Tesco has announced a £1bn investment in its UK business in a bid to revive declining sales.
The UK’s largest supermarket plans to refresh or refit 430 UK stores in 2012/13, equivalent to a quarter of its estate.
It is also investing in its workforce with increased staff hours and plans to recruit 8,000 new store staff.
Overall, group pre-tax profits rose 5.3% to £3.8bn in the year to 25 February 2012.
But profits at the UK operation fell 1% to £2.5bn compared with the previous year.
Tesco also said that like-for-like UK sales fell by 1.2% in the second half of its financial year.
According to Tesco, the store refresh is designed to improve the look and feel of stores for customers – featuring warmer colours, better lighting, improved sightlines across the store and clearer, less functional signage.
There will also be an increased emphasis on fresh departments, including service counters, as well as for example, beers, wines and spirits areas.
New store staff will also be recruited and focused on the fresh foods departments, Tesco said.
Tesco said it is also reviewing its investment plans for new property to reflect the growing importance of its online business in general merchandise.
It plans to continue to invest in its Express convenience format and its dotcom-only stores but 38% less new space will be added in 2012/13 versus 2011/12 .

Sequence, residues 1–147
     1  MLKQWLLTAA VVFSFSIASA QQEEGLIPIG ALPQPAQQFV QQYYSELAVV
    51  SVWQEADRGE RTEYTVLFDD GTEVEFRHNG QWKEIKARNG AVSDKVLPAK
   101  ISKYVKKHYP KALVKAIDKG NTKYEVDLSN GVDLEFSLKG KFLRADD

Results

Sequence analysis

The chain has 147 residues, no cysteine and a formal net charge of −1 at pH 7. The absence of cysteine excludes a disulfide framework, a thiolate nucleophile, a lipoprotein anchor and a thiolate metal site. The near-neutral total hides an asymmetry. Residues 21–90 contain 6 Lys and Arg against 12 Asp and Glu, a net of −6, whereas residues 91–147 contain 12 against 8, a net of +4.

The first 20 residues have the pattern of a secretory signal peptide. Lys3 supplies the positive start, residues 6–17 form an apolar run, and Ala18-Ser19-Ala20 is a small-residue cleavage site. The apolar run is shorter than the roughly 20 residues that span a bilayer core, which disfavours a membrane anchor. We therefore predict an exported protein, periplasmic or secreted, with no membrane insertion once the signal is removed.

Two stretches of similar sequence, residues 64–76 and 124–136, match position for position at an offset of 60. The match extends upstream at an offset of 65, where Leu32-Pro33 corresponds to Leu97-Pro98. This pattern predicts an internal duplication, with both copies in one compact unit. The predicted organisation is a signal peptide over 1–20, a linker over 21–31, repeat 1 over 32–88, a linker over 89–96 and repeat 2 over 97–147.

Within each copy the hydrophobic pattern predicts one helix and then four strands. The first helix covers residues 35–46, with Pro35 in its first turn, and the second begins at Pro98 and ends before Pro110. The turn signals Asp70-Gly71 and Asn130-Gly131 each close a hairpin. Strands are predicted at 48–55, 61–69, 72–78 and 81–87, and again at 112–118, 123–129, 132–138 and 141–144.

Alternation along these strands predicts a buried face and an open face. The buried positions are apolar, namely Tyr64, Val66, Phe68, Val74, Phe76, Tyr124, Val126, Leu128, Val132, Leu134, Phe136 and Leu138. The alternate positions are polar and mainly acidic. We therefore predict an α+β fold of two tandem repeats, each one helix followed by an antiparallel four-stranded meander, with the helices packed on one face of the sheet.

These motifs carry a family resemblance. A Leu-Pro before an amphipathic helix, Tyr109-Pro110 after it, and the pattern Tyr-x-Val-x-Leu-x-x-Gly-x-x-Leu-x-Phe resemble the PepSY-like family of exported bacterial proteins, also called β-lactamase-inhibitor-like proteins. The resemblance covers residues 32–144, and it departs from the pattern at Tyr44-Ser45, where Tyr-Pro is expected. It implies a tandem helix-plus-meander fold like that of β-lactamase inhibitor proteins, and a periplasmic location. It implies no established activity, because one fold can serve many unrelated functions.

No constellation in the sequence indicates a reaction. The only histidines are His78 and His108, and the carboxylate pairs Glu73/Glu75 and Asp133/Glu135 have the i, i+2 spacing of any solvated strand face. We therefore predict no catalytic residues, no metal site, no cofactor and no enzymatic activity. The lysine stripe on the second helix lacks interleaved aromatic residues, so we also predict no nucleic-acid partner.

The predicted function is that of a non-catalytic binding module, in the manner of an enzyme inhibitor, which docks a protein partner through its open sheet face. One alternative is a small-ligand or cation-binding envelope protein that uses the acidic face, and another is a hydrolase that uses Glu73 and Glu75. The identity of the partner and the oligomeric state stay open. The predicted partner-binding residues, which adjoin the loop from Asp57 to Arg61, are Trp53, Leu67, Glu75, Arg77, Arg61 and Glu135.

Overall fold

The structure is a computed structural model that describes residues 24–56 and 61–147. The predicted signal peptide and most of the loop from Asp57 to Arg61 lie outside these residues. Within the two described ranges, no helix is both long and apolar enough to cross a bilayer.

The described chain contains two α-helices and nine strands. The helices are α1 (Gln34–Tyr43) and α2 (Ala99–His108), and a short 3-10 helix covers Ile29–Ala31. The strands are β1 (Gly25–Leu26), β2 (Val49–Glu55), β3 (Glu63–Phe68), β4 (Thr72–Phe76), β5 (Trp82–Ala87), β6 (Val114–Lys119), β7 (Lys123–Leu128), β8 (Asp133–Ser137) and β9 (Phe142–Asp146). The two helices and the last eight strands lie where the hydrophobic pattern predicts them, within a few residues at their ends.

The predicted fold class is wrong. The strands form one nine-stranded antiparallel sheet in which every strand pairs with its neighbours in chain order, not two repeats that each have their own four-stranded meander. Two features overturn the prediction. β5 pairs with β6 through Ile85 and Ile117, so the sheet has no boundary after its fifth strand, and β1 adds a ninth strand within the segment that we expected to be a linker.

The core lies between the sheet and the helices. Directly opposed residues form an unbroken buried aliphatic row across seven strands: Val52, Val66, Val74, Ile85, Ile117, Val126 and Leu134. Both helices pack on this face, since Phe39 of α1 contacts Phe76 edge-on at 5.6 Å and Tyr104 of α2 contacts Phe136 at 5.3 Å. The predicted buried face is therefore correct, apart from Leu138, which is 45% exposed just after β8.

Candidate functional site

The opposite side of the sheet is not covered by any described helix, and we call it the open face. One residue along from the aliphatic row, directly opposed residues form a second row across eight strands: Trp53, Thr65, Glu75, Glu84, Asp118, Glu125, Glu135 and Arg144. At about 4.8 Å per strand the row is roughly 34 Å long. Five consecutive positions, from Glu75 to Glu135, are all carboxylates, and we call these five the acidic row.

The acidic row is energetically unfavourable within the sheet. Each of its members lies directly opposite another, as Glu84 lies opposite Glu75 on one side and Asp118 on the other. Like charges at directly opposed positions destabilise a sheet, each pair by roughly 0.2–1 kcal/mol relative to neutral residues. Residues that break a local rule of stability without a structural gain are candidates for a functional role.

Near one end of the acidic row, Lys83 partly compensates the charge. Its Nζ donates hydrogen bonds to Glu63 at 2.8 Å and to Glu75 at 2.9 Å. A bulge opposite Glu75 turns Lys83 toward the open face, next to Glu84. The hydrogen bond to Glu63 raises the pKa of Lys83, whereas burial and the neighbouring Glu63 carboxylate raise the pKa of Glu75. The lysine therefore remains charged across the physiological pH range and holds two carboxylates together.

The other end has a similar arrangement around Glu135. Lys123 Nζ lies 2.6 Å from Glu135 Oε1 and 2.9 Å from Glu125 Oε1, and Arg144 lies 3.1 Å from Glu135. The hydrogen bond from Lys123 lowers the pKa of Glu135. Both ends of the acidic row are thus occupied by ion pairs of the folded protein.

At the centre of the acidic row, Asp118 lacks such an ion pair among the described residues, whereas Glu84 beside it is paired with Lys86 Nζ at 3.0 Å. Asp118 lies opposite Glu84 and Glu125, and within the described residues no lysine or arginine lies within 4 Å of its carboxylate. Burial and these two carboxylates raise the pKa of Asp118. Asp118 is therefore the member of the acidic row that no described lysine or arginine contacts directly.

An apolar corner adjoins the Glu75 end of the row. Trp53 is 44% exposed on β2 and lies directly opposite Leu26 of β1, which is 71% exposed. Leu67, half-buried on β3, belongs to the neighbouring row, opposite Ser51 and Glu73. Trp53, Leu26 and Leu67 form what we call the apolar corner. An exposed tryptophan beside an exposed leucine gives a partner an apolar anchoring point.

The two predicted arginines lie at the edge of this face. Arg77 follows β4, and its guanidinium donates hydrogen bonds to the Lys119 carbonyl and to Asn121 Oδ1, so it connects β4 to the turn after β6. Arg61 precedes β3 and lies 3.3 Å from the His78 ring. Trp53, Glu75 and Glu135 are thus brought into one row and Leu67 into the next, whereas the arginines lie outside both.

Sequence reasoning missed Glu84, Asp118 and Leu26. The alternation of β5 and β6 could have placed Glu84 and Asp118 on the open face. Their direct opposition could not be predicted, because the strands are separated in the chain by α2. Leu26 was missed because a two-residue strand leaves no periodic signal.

Commenting on Tesco’s property plans, Helen Bunch, managing director at retail contractor Wates Retail, said: “Tesco’s strategy to refresh or refit more than 25% of its total UK floorspace in 2012/2013 reflects the need for major grocery chains to be a lot smarter about how they use space in their stores.
“Changing consumer habits in the downturn have forced all the big supermarkets to invent ways to maximise the value of each and every square foot of existing stores in such a competitive marketplace. ‘Build it and they will come’ no longer applies as industry experts estimate consumer consumption will have to rise by approximately £20bn to maintain sales densities at present levels, if the supermarkets develop all the space they have planned.
“In place of brand new large-format stores, we’re seeing the big brands being more creative in extending or adding mezzanine levels to existing stores to create space for more locally sourced brands, non-food products and other offerings such as banking, health and ‘click and collect’ services, while expanding their convenience offers in locations which are not currently well served.
“The ‘space race’ is far from over, but the rules of the game have changed. Given its remarkable track record, and the fact it remains Britain’s biggest supermarket chain by market share it would be naive to think that Tesco cannot attract customers back into its stores.”
Chief executive Philip Clarke acknowledged Tesco needed to raise its game in the UK.
“We are committing over £1bn to make the UK shopping trip better for customers: more staff giving improved service in-store; refreshed stores that are better and easier places to shop; lower prices and even more value from an improved product range,” he said.
“As we improve the shopping trip for our customers, it will follow our sales growth and financial performance will improve too.”